So do you welcome this controversy because it attracts more attention to your works and more discussion of them?

Philip Pullman:
Well, I wish we all lived in a world where everyone was full of good intentions but unfortunately we don't. And while I would rather, of course, the making of the film could proceed without any pressures or any problems at all and everybody would go see it and love the films... but it's probably bound to happen.

I do have to say, though, in due deference to my American readers, this kind of intense reaction to religious questions only seems to occur in America --with the exceptions of Iran, Saudi Arabia, and probably Afghanistan under the Taliban, it doesn't occur anywhere else in the world, as far as I know. The rest of the world is pretty laid back about this sort of thing.

But America was a nation founded, I suppose you can say, by the Pilgrim Fathers who were these zealots who found England too lax for them and left to go found a new nation somewhere else, and America's had a very intense and passionate and disturbed and almost frenzied at times relationship with religion ever since.

Matt Cherry (Humanist Network News):
Philip Pullman, you are constantly compared to Tolkien and C.S. Lewis, who were both Christian apologists. Was His Dark Materials a conscious response to their work?

Philip Pullman:
No, not a conscious response. And there's an interesting difference between Tolkien and Lewis. Tolkien never mentions Christianity of any sort in his Lord of The Rings. He was a Catholic. And for him, all the big questions of life -- what was right, what was wrong, what our duty was, what happened after we... -- all those things, were all settled already: the Church had the answers.

Now Lewis by contrast was a Protestant, a Belfast Protestant, an old Irish Protestant of the most intense sort. Initially, as I understand it, he was very suspicious of Catholics. He used to call them "bog trotters", which was the old insulting name for the Southern Irish. And he came from a tradition, Lewis came from a tradition of personal argument and wrestling with conscience and reading the bible and studying and praying earnestly by yourself. So, the odd result is that the Narnia books, although I really dislike them for the conclusions they come to, nevertheless they do touch on big questions of faith. Is there a God? If there is a God what is he like? What would a false God be like? What must we do to be saved? Things like this. Big, intense, earnest questions pounding away in these books. And I do respect him for tackling these questions; although, of course, I dislike the conclusions he came to.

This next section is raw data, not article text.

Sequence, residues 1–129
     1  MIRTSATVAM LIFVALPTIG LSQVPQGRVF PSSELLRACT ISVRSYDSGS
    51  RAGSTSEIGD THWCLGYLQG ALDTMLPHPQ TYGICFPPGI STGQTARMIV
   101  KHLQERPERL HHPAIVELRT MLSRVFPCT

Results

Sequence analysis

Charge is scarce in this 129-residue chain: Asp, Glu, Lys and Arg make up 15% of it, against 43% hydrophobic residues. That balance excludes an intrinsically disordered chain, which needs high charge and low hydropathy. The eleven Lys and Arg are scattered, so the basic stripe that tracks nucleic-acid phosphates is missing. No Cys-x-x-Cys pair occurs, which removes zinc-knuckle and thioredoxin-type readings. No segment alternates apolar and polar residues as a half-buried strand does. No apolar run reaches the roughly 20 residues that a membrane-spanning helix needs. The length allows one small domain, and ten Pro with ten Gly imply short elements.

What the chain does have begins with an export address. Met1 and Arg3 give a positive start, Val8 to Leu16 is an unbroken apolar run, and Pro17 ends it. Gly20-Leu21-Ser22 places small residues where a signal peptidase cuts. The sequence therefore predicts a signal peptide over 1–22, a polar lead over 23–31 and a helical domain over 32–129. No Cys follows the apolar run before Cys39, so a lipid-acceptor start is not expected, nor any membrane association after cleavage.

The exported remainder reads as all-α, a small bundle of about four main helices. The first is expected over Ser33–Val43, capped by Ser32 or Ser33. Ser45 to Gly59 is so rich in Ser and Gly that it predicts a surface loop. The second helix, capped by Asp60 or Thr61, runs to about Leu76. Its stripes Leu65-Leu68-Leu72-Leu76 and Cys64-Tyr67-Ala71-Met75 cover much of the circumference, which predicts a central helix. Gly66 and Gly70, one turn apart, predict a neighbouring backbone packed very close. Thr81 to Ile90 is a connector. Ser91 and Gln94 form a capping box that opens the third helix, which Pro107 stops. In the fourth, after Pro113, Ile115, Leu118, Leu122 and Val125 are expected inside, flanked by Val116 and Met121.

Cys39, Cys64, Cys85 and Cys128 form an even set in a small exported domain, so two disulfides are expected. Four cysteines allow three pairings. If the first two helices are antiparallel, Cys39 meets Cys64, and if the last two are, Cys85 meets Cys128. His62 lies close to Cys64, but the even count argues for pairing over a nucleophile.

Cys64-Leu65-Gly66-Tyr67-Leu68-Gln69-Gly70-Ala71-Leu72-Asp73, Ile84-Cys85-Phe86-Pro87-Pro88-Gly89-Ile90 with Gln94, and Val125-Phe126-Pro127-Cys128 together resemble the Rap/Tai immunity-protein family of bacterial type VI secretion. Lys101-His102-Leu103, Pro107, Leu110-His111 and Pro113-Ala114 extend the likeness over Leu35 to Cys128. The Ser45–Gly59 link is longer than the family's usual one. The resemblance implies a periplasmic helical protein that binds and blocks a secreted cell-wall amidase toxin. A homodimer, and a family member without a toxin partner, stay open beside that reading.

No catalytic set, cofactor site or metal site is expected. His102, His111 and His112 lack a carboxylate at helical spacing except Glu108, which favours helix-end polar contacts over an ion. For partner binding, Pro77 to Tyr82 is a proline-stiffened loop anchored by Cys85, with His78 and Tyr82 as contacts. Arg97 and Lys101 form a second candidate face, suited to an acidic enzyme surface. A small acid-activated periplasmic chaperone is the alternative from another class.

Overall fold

You don't find any of that in Tolkien. There's no doubt in The Lord of the Rings who's good and who's bad or why they're good or why they're bad or what the good is. It's all there. It's all firmly settled. Which is why I find, for all its enormous narrative complexity and intellectual underpinning, I find it a trivial work. Whereas Narnia is not a trivial work, although I dislike it. So to lump them both together as Christian apologists is to mistake the very big differences between them.

Matt Cherry (Humanist Network News):
So what is it you dislike about Lewis' conclusions and how do your characters and conclusions differ from his?

Philip Pullman:
What I dislike most of all is his fear and suspicion amounting to hatred of this world where we live. The extraordinary thing is that after taking his children--the heroes of the story--through these extraordinary and amazing adventures in which they experience all kinds of things and presumably learn all kinds of things, and presumably become wise as a result of experiencing all these things; it seems to me that the response that, for example to name but one character - the result that Jesus probably would have approved of would have been to let them live and grow up and do good in this world. Instead of which he kills them all in a railway accident, and whisks them off to heaven -- to somewhere else. It's as if he hates this world.

And the other thing that I can't stomach is the exclusion of the girl Susan from whatever it is that the stable represents--salvation, I presume--at the end of the story, because she's growing up. Because she's become too interested in what's the phrase? invitations and nylons or something...lipstick and invitations and nylons-- in other words, she, like any teenager of either sex is discovering that her body is changing, discovering the effect that her body has on others, becoming sexually aware.